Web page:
Its buy/sell/fix/flip episode 4. Its not a bp podcast, but it's really good.

Updated almost 7 years ago

Revised with requested link. http://buysellfixflip.com/podcastitem/bsff-podcast-004-seller-financing-presentation-terms/

Updated over 6 years ago

Revised with requested link. http://buysellfixflip.com/podcastitem/bsff-podcast-004-seller-financing-presentation-terms/

Originally posted by @Tim Bishop :

@Bill G. 

Your concern about my offer to answer a message about a podcast is understandable.  I didn't realize that my offer violated any rules.  I get what you're saying about researching the episode to get feedback on ethical concerns regarding the content.  I am not involved in the podcast at all, I just listen to quite a few of them.  I'd be glad to share it in this forum.  

Its buy/sell/fix/flip episode 4. Its not a bp podcast, but it's really good.

Thanks! I have not heard it, may not listen to it, but at least others can be better informed, need a link...........thanks again. :)

Originally posted by @Tim Bishop :

@Bill G. 

Your concern about my offer to answer a message about a podcast is understandable.  I didn't realize that my offer violated any rules.  I get what you're saying about researching the episode to get feedback on ethical concerns regarding the content.  I am not involved in the podcast at all, I just listen to quite a few of them.  I'd be glad to share it in this forum.  

Its buy/sell/fix/flip episode 4. Its not a bp podcast, but it's really good.

Well, usually I don't go to links, but I did.

Should have known I'd be wasting my time, but I did it knowing that but to review as to what gets put out there.

Michael has a good reputation here, I don't recall him ever getting into details here on BP, mow I know why.

His angle as to the phycology, shaking his head and hand gestures, yes, that can be effective.

When we got to hard money lenders loan more than 100%, ain't gonna happen in reality in my neck of the woods, not without a good relationship and certainly not to a newbie off the street for the first time.

I always notice things like sale price, value of the property and how stupid we must assume a seller is, that is where I should have put my boots on.

When it got to the 5 elements of the note, seems we hit one, the sale price (which would be the loan amount at 100% otherwise it isn't in the note) but then went on a rant missing other elements, actually there are legal aspects and interest is not necessarily stated but must be computed for some types of transactions.

Seems a comment was made that a seller signs the note, so we aren't even speaking to what actually goes on, lenders don't execute notes, the buyer is the maker of the loan.

You'll also have issues of presenting terms, doing so means you carry the liability of what you presented to Harry Homeowner;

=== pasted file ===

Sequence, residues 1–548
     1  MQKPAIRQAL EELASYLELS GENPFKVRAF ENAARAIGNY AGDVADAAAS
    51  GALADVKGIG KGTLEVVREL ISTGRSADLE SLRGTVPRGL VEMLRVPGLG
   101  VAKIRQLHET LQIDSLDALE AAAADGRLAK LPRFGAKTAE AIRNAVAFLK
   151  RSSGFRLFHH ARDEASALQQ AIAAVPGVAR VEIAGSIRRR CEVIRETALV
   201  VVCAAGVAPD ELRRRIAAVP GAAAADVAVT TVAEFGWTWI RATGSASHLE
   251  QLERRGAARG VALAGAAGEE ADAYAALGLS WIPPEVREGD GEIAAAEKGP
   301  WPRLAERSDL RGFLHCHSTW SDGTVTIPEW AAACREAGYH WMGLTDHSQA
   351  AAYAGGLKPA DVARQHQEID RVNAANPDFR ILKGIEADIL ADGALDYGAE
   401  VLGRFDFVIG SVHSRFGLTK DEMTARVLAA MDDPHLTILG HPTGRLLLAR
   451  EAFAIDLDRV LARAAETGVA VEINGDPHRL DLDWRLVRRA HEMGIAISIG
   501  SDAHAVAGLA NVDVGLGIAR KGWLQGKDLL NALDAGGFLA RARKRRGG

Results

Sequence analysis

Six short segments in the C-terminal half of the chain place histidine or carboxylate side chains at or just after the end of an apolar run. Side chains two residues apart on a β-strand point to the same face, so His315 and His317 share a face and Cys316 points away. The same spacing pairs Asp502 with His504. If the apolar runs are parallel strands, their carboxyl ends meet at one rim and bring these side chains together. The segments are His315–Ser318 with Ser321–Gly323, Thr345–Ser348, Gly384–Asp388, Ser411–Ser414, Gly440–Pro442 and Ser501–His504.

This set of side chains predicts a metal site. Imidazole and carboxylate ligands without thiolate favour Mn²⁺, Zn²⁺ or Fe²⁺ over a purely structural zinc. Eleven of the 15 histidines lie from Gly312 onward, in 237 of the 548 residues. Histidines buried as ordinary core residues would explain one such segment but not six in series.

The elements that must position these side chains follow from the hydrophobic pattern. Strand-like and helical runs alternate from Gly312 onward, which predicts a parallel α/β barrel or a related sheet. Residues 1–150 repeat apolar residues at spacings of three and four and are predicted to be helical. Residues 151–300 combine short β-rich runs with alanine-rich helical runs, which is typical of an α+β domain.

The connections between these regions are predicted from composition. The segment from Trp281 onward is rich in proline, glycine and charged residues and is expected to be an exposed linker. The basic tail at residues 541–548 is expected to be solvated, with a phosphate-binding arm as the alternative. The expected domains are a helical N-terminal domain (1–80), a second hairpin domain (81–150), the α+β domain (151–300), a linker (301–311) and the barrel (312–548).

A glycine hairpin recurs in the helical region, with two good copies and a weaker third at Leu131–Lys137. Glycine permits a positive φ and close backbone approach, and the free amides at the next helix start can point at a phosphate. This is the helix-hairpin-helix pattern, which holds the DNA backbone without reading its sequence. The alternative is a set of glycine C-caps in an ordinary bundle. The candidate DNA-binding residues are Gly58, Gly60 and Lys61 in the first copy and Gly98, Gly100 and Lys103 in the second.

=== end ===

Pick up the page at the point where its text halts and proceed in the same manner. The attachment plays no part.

Seems there` was the mention of putting in a occupant buyer under a lease option, that was another strategy, but make sure you aren't financing that! 

It reminded me of going from a seller financed presentation to paying more than a seller was asking by paying them with zero coupon bonds, trading the future value of bonds for the present value of a property, pretty much a scam deal, but other than that, not something that happens in reality, most sellers just aren't that stupid.

Pretty much fast talking, justifying the manipulation of a price and terms to arrive at 100% with no payments (ideally) to a future balloon.

Now, Cali might be different, but doing a balloon note with less than 12 months is not an issue or different in notice, demand and foreclosure than an 18 or 360 month loan.

Salesmanship was good, take out the numbers as being the run of the mill deal, terms are much easier to arrive at than trying to be slick moving shells with no pea under them.

Now, I know, thanks for posting the link.

This just confirms that better material really does need to be put out there about seller financing. :) 

Hi @James Klafehn  

    I met with the gentleman, and the appointment went smoothly. Unfortunately the house did not live up to my expectations. There's more information on it here in one of my other posts (but if you don't feel like reading that, long story short the house was not in a very good condition and the tenants were not ideal):


    As for the seller financing, I am just starting out my investing business, so I am looking for creative ways to finance deals. I currently own a three family house which I live in, and work full time as a teller at a bank. So on the income as a teller, I've got to get creative with the financing (i.e. I have good credit and am hard working, but my debt to income ratio isn't ideal according to banks and CU's).